The woods are awesome.

  9. avatar Hank says:

    This reminds me of one of my favorite hunting days, one many would find “unsuccessful” but that I thoroughly enjoyed.

    It was in 12″-18″ of snow out in the woods of Upstate NY, and I had only a buck tag. Naturally all I saw that day were does and fawns. But about an hour before dusk I was sitting beneath a large hardwood tree, and about 8 does & fawns came into the clearing ahead of me. They played and grazed for over 1/2 an hour right in front of me. One doe and her fawn noticed me, but seemed unfazed, they were no more than 10 yards away at any time. The forest was so peaceful and quiet in the new snow that day, and they were so content and unbothered by my presence that frankly, had I had a choice between getting a deer and having that experience, I’d take the experience. This year I’ve already gotten three deer, but I’ve enjoyed watching many more. There’s more to the hunt than the shot.

    1. avatar JaredFromTampa says:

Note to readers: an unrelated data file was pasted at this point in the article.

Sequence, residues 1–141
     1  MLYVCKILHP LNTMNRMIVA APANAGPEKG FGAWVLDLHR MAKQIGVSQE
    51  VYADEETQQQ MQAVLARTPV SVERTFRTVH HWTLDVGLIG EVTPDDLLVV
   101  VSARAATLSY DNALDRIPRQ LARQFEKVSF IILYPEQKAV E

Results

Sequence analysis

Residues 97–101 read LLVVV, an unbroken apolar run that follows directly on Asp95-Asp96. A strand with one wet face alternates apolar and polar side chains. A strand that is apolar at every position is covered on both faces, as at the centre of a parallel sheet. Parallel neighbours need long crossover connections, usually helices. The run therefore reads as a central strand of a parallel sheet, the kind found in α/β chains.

Exactly this. I haven’t taken a deer in 3 years by no fault of mine, but it fills my heart with joy just to be in nature. Living in the city, one forgets and laments the solitude of the Forrest. Great story! I’ve had similar experiences up near Lake Oswego and the Adirondacks.

  10. avatar William Burke says:

    ” It was apparently a late night last night”.

    “Apparently”? You were there; was it, or wasn’t it? “Apparently” is unnecessary, at best.

    1. avatar Matt in FL says:

      He said he went to bed, so he wasn’t there.

      You’re not usually pedantic like that. Someone kick your dog?

  11. avatar Mediocrates says:

    I am not a big fan of the killing either. I will take mine nice and wrapped tight at the supermarket.

  12. avatar Jake_in_AK says:

    Not gonna lie- a little bit jealous here.
    It was -40F night before last where I live. Today was a heat wave~ we got up to -12F.
    By middle of next week we are expected to be at the seasonal normal temp of -20F during the five hours of daylight and dropping to -35F to -55F at night.
    No hunting for me right now. Also not a whole heck of a lot of shooting.

  13. avatar Gary Kimberlin says:

    I can say I lost my passion for the beauty of nature one night as two bucks decided to tangle antlers in the middle of the two lane road I was driving. Came over the hill and there they were. Or the early morning in a snow storm and a bunch decided to cross right in front of me while driving to work. Thinning the herd is a service to mankind.